Reporting Jason Allen
RICHARDSON (CBS 11 NEWS) – Even in a down market, Brock Hardman had no worries about selling his Richardson home. It had a clean, white-column colonial style. It was in one of those neighborhoods where buyers scour the new listings in the weekend paper, hoping to beat others to the punch. After just 11 days, he had an offer, and he took it. Then someone took it away.
“I was pretty shocked to know that in a market that a buyer and seller agree on price that a third party could come in and dictate what something should be sold at,” Hardman said.
Just before closing the lender’s appraiser valued the home a full $20,000 less than the agreed upon price. Hardman didn’t want to say exactly what words he used when he heard that. He had two choices, come down in price, or lose the sale. He was already paying a mortgage on the home he was moving to near Sachse, so it wasn’t much of a choice. He took the hit.
It’s a story that sellers, realtors and builders continue to run into as the housing market climbs. Sales in North Texas were up 18-percent in August over last year. Prices climbed eight-percent, according to Texas A&M University’s Real Estate Center. Appraisers though are not always climbing with the market.
While some realtors told CBS11 the problem may not be widespread, Van Poole Properties in Plano said it’s had problems from Plano to Garland. Value differences have ranged from as little as $2,000, to Hardman’s $20,000.
Sean Knight who builds custom homes said he had a property with a $50,000 difference. On a new home, he can get rid of amenities to try to come down in price. Most often, he said, the problem comes up when there have been no other new homes in the neighborhood in years. Appraisers have nothing to compare to and justify a new home price.
Kristen LeForce, who often ends up trying to save the sale at Van Poole, went further, suggesting appraisers may be afraid to push limits following the housing crash. However, she said, that in turn could handcuff the market from coming back sooner.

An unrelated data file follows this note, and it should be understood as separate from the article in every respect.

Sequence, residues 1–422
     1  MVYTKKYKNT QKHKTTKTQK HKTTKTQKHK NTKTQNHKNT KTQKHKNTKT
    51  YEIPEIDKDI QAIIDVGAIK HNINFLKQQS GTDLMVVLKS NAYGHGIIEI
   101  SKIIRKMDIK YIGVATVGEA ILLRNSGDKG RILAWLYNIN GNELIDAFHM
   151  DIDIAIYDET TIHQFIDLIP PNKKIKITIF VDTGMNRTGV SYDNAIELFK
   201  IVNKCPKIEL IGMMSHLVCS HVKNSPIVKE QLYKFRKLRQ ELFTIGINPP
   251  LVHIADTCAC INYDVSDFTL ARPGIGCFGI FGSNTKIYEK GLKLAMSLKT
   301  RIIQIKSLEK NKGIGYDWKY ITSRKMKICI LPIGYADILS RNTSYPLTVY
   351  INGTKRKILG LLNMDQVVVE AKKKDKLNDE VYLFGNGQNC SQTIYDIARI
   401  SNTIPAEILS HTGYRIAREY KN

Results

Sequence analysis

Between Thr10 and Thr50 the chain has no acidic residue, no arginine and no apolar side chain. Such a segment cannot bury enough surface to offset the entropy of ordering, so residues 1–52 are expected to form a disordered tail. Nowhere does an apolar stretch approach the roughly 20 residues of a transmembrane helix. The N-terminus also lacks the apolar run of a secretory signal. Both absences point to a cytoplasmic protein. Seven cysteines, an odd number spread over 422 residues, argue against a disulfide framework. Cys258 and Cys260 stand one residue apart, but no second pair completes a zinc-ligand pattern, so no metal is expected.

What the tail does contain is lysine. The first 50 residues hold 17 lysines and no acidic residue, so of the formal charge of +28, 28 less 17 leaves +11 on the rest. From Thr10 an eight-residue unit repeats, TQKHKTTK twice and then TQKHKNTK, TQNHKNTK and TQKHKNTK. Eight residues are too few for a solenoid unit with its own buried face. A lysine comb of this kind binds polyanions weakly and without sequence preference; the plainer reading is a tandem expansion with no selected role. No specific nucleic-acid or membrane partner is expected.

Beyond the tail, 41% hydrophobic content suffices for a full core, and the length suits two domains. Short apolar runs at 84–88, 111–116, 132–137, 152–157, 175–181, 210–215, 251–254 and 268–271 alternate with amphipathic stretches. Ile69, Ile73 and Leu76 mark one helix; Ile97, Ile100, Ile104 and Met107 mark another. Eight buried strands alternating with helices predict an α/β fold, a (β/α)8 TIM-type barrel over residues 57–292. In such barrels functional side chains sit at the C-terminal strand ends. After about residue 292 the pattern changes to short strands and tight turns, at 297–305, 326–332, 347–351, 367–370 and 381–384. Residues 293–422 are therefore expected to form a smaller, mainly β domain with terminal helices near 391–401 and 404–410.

“It’s definitely slowing the market down in that you have a willing buyer and a willing seller that are wanting to pay a price, raise the neighborhood, help the comparables, and then it gets shot down.”
Among appraisers though, many of whom are hesitant to talk about the conflict, it often boils down to a simple case of different understandings of market value. Joe McKissack said all he’s doing is reporting what’s happening in the market. That market still includes foreclosed and devalued homes, a few examples of recent sales. That does little he said to support higher selling prices that realtors often reach for.
Occasionally appraisers blame their own industry for the problem. New rules designed to ensure impartial appraisal practices sometimes mean the job now goes to the person with the lowest fee rather than local knowledge. Greg White said geographic incompetency becomes a problem, when appraisers from out of town don’t understand the intricacies of a neighborhood.
Both realtors and appraisers said as more sales do get through, the problem should start to lessen. There are already signs brokers said. Fewer low appraisals have been reported since the North Texas housing market picked up this summer. Some are still recommending pre-appraisals though for sellers, just to avoid any sticker shock at the end.
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